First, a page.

Over the summer I have been to numerous local fairs, and other events to occupy my time. Some of these events have allowed me to make connections and to promote my novel, Legend of the Mystic Knights.
Some of these events were just for sheer pleasure. These include the numerous county fairs I attended, and this included the Great SchaghticokeFair. Like the Washington County Fair I spoke of in my last blog, this one too is an agricultural fair.
This fair had its share of rides and games of chance, and although I did not participate in any, it was fun to see them. I did, however, like to view some of the farm displays, especially those of antique farm equipment. I always like hearing the sputtering of an old engine as it runs and turns a belt to run a saw or other machinery.
I will say there were some glitches at the fair. One was they had a horse judging competition. This is where riders parade their horses, showing their riding techniques along with the skills of their horses. I am not complaining about this event, I am just stating they should not have had it scheduled at the same time that less than 100 feet away, that there was a monster truck show going on. Loud noises from a huge truck and trying to ride a horse do not mix.
One thing I did visit was a tent with numerous tools, and clothing available. I always visit these tents because they do have good deals on tools. I ended up buying several leather making kits for use in constructing my leather armor (future blog coming).
The Schaghticoke Fair will be one of the last, if not the last type of country fair I will attend this year. It is sad to think that summer has ended and the fall has begun, and soon my world will have a white covering of snow. However, before my world freezes, I do have October to look forward to and this means Halloween season.
My next adventure was to go to the Hyde Collection.
The Hyde Collection- Is an art museum and historic house located in Glens Falls, NY. It was founded by Louis and Charlotte Hyde. Today it is a museum that embraces a diversity of styles, periods, and media.
For full disclosure, I found out about the Hyde Collection from my friend Caitlin Stedman, who works at the collection. She also directed in me several short films, “Lemonaid” and “Home” produced by her SnarkyAardvark Films.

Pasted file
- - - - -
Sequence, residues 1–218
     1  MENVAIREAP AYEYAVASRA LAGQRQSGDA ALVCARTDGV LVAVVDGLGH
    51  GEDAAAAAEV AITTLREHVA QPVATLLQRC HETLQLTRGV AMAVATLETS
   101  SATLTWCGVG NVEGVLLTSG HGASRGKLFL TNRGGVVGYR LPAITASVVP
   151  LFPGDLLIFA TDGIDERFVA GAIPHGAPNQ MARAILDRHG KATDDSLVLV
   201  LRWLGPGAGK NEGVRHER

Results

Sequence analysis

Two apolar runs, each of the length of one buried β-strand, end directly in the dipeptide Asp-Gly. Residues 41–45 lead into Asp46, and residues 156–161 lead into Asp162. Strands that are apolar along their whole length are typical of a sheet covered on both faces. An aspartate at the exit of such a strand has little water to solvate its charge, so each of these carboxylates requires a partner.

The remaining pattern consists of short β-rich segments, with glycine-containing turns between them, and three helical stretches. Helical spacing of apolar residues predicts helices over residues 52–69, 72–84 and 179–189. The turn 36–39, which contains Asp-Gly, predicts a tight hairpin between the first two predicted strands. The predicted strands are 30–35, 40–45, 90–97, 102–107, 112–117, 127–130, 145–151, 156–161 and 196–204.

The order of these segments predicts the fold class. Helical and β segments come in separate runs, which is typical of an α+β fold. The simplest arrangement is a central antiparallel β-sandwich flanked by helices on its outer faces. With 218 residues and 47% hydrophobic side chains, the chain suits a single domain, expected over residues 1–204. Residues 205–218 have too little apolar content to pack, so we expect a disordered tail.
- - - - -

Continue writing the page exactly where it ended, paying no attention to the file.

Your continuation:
During the day that I attended there was a special exhibit featuring the works by Andy Warhol and Winslow Homer.
Let’s talk first about Andy Warhol. He was probably the leading figure in what we call the ‘visual art movement” or commonly referred to as “pop art”. Warhol is probably the most famous artist in American culture since the 1950’s. The exhibition was entitled “The Late Drawings of Andy Warhol (1973-1987)”.
“The Late Drawings of Andy Warhol (1973-1987)”, although I do not even think of myself as any type of art critic, I am going to criticize these works. This in no way reflects on the Hyde Collection, (or some of the other works by Warhol which are brilliant) for these works are considered masterpieces by most of the modern art world.
What I do have an issue with these “drawings” is the way Warhol did them. Most of these drawings were of famous people, (from James Dean to Mao Zedong) and were simple pencil sketches. How he did them was to take a picture of these famous people, and using an overhead projector traced them on a piece of paper.
Now if you listen to the “art world” experts their explanation for this work: “This technique used throughout his lifetime allowed Warhol to produce “machine made” lines that are equally automatic and expressive, impersonal and intimate.”
This is my take on his drawings. When an artist becomes so iconic, such as Warhol, it becomes almost impossible to criticize him. His reputation supersedes his ability, and hence he can almost do anything and it is classified as a masterpiece. What he did “copying” these pictures onto a piece of paper are called genius, if you and I did this; we would have failed 7th grade art class.
Now let me say something about the exhibit I truly enjoyed, Winslow Homer.
Winslow Homer was an American artist and printmaker. He was almost entirely self –taught, but was a well-respected artist and worked as a commercial illustrator. Later he worked in oil painting and water color.
Many of Homer’s work concentrated on landscapes. During the Civil War, he worked for Harper’s and was sent to the battle field. His drew and painting not only numerous battles, but also quiet times of the camp life. Homer was also noted not only for painting military life, but also woman during this time, showing the effects of war on the home front.
Homer’s art was a realistic look at everyday life. His work shows nature, and man, during hard times, and good times. It showed the nobility and savagery that each showed, and had to endure.
Next week. I may speak, if I go, about the last Renaissance festival of the year.